- Ca$hvertising – A classic on copy for anyone in a marketing profession or any kind of online work.
- Small Giants – Some interesting stories about companies that decided to stay ‘small’ and great.
- Flow – One of my favorites. Happiness = the state of being fully engrossed in what you’re doing. Explains more about what ‘happiness’ is than anything else I’ve ever read.
- Abundance – Good but optimistic overview of major problems in the world and forthcoming solutions. I can sum this book up with the following story: When Napolean wanted to impress guests he served them with plates and utensils made of pure aluminum, which at the time was more expensive than gold. It’s now one of the cheapest resources on earth, we just didn’t have the technology to make it economically viable before. I’m leery of ‘science will save us’ arguments, but worth thinking about (e.g. solar power, desalinization).
- Musashi – Classic Samurai tale about the famous swordsman Miyamoto Musashi. Hundreds of pages of great Samurai drama and pithy wisdom.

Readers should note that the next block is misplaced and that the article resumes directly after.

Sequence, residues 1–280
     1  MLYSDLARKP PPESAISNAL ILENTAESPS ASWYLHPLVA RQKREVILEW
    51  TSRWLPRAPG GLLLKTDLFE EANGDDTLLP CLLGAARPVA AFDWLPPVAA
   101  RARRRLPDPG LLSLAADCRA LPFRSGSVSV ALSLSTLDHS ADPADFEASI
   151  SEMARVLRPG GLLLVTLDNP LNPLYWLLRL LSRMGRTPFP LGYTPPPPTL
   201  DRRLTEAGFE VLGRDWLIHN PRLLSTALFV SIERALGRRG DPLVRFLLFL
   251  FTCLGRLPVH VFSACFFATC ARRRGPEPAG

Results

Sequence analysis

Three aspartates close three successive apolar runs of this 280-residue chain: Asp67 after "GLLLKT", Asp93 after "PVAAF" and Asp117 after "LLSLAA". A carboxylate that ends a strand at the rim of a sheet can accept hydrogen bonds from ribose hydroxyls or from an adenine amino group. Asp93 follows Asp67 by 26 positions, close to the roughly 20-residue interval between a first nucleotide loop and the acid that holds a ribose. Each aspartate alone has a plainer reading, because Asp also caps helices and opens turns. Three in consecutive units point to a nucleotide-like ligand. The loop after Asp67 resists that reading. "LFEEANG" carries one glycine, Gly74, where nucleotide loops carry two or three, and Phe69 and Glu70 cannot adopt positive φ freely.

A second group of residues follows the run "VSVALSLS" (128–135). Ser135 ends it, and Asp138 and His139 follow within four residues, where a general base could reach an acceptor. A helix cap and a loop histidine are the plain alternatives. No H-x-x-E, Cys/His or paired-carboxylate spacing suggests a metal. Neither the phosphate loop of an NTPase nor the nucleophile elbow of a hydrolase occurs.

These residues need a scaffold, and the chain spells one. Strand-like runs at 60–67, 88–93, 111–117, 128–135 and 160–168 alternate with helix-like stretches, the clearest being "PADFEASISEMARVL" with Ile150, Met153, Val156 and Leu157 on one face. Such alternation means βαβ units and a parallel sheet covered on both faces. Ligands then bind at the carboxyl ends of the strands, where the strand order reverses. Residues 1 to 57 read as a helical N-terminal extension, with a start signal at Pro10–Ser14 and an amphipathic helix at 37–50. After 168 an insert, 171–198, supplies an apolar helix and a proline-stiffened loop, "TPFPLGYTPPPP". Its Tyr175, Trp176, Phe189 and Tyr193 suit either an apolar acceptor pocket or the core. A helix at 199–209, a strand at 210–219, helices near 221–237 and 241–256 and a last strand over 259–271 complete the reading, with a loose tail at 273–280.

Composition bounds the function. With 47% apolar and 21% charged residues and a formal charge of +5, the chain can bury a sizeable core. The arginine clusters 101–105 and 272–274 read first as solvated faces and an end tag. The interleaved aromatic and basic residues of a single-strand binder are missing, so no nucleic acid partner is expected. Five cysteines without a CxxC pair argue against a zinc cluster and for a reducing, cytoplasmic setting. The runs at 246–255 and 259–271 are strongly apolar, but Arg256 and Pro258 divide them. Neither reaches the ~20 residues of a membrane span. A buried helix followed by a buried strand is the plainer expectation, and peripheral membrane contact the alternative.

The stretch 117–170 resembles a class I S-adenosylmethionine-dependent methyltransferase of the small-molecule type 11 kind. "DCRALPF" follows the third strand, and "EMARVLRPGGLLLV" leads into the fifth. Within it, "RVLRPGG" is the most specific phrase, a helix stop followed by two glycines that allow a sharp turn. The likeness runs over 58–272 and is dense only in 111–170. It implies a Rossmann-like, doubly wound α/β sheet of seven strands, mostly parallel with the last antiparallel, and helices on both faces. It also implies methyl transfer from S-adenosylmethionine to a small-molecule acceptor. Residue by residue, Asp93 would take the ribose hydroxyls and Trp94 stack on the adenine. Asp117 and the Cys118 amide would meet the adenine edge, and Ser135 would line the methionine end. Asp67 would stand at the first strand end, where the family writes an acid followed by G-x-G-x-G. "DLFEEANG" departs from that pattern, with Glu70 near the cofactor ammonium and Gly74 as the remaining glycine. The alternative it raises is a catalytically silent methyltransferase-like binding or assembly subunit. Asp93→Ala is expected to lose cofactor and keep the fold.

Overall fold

- Space – Good read from Michener that provides a lot of backgound on the history of the space race. I wish it was actual historical fiction instead of being solidly based on fact since at times it was hard to tell fact from fiction.
- Ender’s Game – Another classic on leadership about a boy in the future who is trained to save the world.
- Zorba the Greek – A great book about life, and the rational vs the emotional self.
- Cryptonomicon – (Neal Stephenson) – My favorite out of the 3 books I read in sequence. This one is fictional account of the birth of cryptocurreny, alternately set during WWII and present day.
- The Diamond Age – (Neal Stephenson) – The least engaging of the 3 but really interesting scifi that predicted 3D printing.
- Blood Meridian – Cormac McCarthy. Navy Seal Jocko Willink’s pick for a book about ‘the evil in the world’. ‘Nuf said.
- Snow Crash – (Neal Stephenson) – Awesome book about the internet before their was one.
- Chapterhouse Dune – The 6th and final book in the Dune series. While things get weirder as the series go on, the original is a classic.